Parents' representatives have told the Oireachtas Special Committee on Covid-19 Response that a majority of parents want their children to return to school fully at the beginning of the school year.
In her opening statement, CEO of the National Parents Council Primary Aine Lynch said the long school closure had impacted on some children more than others.
She said a survey carried out by the organisation found that over 90% of parents said it was important that children return to school fully.
Ms Lynch told the committee that all schools should be supported to identify those children where the closure has had a greater impact.
President of the National Parents Council Post Primary Mai Fanning said it was important that students return to normality in education as soon as is safely possible.
She also said when schools reopen they must have sufficient hand-washing facilities and available hot water and hand sanitisers to satisfy the hygiene requirements.
Fianna Fáil's Paul McAuliffe said there was a need to return to school as soon as possible and asked how the lack of a digital platform had impacted on children during the lockdown.
Ms Lynch said there was a digital divide in homes and schools and a lack of digital access for some children, which did have a severe impact on them.
She also said that motivation around learning at home was a key barrier for children.
Tánaiste Leo Varadkar has said he is confident it is possible to manage a full reopening of schools and colleges in the autumn.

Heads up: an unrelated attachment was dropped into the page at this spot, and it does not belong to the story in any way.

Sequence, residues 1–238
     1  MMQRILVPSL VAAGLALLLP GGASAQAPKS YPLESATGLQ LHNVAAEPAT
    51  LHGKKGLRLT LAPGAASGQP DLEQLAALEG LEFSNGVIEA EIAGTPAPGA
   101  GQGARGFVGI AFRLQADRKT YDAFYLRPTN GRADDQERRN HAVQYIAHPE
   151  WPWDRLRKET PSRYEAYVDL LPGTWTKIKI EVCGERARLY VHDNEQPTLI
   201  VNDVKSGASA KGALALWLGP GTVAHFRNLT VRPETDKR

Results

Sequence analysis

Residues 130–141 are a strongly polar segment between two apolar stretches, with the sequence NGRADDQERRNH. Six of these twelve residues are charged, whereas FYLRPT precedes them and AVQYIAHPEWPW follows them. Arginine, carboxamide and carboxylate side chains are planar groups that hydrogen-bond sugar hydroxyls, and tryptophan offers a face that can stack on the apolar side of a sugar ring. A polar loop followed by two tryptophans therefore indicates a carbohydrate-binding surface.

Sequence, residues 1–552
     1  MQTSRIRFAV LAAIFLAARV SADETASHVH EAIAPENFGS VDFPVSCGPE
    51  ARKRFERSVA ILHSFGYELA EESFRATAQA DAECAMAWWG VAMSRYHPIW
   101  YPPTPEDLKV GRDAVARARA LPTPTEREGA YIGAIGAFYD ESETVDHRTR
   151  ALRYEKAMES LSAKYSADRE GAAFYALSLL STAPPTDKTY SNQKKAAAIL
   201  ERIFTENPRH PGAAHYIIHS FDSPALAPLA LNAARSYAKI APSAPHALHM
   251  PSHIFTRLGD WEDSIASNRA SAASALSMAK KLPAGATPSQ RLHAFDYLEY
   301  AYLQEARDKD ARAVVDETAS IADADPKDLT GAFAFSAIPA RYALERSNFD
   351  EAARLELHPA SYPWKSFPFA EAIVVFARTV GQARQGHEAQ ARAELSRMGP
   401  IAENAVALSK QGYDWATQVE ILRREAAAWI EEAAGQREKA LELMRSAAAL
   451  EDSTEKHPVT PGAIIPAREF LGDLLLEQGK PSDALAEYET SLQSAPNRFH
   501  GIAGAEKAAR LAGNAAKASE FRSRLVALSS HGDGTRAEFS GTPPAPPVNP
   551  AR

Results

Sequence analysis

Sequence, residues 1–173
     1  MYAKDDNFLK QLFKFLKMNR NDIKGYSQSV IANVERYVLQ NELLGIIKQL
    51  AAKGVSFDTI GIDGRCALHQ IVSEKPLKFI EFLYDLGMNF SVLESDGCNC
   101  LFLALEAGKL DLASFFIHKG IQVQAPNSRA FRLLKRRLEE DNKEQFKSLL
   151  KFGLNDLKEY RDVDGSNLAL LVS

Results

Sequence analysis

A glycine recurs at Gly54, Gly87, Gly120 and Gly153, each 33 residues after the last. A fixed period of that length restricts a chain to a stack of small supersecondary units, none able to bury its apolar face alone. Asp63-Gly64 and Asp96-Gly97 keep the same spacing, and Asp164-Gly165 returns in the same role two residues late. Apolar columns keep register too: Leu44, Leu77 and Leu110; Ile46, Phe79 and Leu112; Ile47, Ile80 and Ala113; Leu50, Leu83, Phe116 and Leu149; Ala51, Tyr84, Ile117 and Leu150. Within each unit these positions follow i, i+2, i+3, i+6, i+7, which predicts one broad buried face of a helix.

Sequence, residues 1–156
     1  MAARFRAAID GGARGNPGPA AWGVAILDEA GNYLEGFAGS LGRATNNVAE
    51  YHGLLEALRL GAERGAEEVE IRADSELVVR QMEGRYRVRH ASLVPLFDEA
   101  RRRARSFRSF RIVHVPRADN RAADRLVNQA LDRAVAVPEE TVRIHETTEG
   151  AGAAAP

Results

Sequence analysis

He said there is now a "new normal", but added that could all change if the virus returns.
Sinn Féin's Kathleen Funchion said she does not think it will be possible for children to return to school five days a week in September, and asked if a two or three day week should be considered to ease children back in.
Ms Lynch said there has never been a situation like this before and some children may experience separation anxiety.
She said it is important that schools are seen as a supportive environment.
Yesterday interim public health guidance to govern the reopening of schools in late August and September was published and recommended one-metre physical distancing between second level students in the classroom.
A report published last month found that not all year groups would be able to attend school at the same time under such a scenario.
The Health Policy Surveillance Centre (HPSC) advice also recommends a one-metre physical distancing between primary school pupils in class.
However, it states that this is "not a prerequisite" for younger pupils. It also qualifies that this should only be "whenever possible" when older children are organised into small groups together in the class.
The HPSC guidance says a balance is needed between "a practical and sensible level of caution" and the need to provide a supportive environment for pupils.
It says the approach of schools should be two pronged, with everything possible done to avoid introduction of Covid-19 into a school in the first place, as well as other measures directed towards reducing the likelihood of spread.
As well as a detailed outlining of hygiene and cleaning measures, the guidance requires staff to confirm upon arrival at school every day that they do not have symptoms.
It says schools should have the right to decline entry to pupils if a child displays symptoms such as a fever.
While they state that staff should maintain a minimum physical distance of one metre and where possible two metres from pupils, it acknowledges that this might not always be possible.
It advises that classes should be kept apart as much as possible, with staggered break and lunch times, and possibly staggered arrival and departure times as well.
At second level the HPSC advice states that students should remain in the same classroom as much as possible, with teachers moving between classes.